What's it like to work at the happiest place on earth? For Mike Morrison (MechEngr '96), it has sometimes been dark, wet and claustrophobic, but always magical.
Since 2004, Morrison has worked at Disneyland where he ensures the rides and attractions are safe while providing the exhilarating experience expected by the 50,000 daily visitors to the amusement park in Anaheim, California.
Little did Morrison know when he was studying to be a mechanical engineer that he would get to work in the exciting -- and rarely seen -- underbelly of the amusement park.
"I wanted to be a part of putting on the magic using my engineering knowledge and my lighting and sound production skills. I always felt like I belonged here."
In 2007, when Disney was designing World of Color, a nighttime extravaganza of water fountains, lights and laser projections, Morrison volunteered to lead a special team of engineers and electricians to work on the structure - rather, underneath it and underwater. World of Color was mounted on a platform the size of a football ﬁeld that was submerged in a lagoon during the day, to rise into the air after dark. Morrison and his team had to learn how to scuba dive in order to work on the structure's electrical and mechanical components.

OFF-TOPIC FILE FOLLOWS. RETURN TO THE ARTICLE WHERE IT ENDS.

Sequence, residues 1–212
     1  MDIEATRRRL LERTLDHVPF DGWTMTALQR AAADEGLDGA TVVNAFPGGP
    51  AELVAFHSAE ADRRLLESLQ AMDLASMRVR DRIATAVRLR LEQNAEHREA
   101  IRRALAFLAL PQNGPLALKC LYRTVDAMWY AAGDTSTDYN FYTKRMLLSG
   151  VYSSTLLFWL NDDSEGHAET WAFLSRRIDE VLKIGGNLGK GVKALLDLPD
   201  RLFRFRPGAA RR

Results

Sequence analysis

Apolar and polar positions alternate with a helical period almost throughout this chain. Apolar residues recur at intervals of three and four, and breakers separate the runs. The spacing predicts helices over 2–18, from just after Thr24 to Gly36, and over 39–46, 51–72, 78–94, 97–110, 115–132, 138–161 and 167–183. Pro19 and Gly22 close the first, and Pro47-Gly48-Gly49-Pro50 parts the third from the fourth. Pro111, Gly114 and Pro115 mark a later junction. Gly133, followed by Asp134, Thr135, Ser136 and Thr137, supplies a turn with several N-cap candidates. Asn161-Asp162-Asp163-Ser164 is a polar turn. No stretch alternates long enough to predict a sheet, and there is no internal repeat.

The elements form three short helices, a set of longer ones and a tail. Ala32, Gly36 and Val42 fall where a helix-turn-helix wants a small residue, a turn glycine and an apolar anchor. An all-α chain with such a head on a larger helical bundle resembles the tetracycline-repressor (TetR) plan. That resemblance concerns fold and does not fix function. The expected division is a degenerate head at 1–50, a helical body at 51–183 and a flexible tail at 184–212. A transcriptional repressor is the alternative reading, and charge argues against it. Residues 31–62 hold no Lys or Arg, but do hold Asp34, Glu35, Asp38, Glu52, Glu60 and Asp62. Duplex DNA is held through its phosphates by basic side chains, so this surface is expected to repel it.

Working below the huge structure in 15 feet of water with extremely poor visibility is equivalent to diving inside a shipwreck. So not only did he have to learn to scuba dive, Morrison also had to earn special diving certiﬁcations. The dive team actually practiced diving into shipwrecks off the California coast to prepare for working on World of Color.
"Aside from skydiving," says Morrison, "it was one of the most enjoyable experiences I've ever had."
Morrison has the principal role in long-range maintenance and sustainment proposals for the attractions and infrastructure. He recently compiled a list of 200 job proposals for multimillion dollar capital expense funding for FY2015.
"Disneyland is coming up on its 60th anniversary in 2015," he says. "Safety of course is our number one concern, but we also ensure that everything is refreshed and refurbished and rehabilitated when it needs to be."
Read the full story at http://www.colorado.edu/engineering/alumni-news/engineering-magic-keeping-rides-running.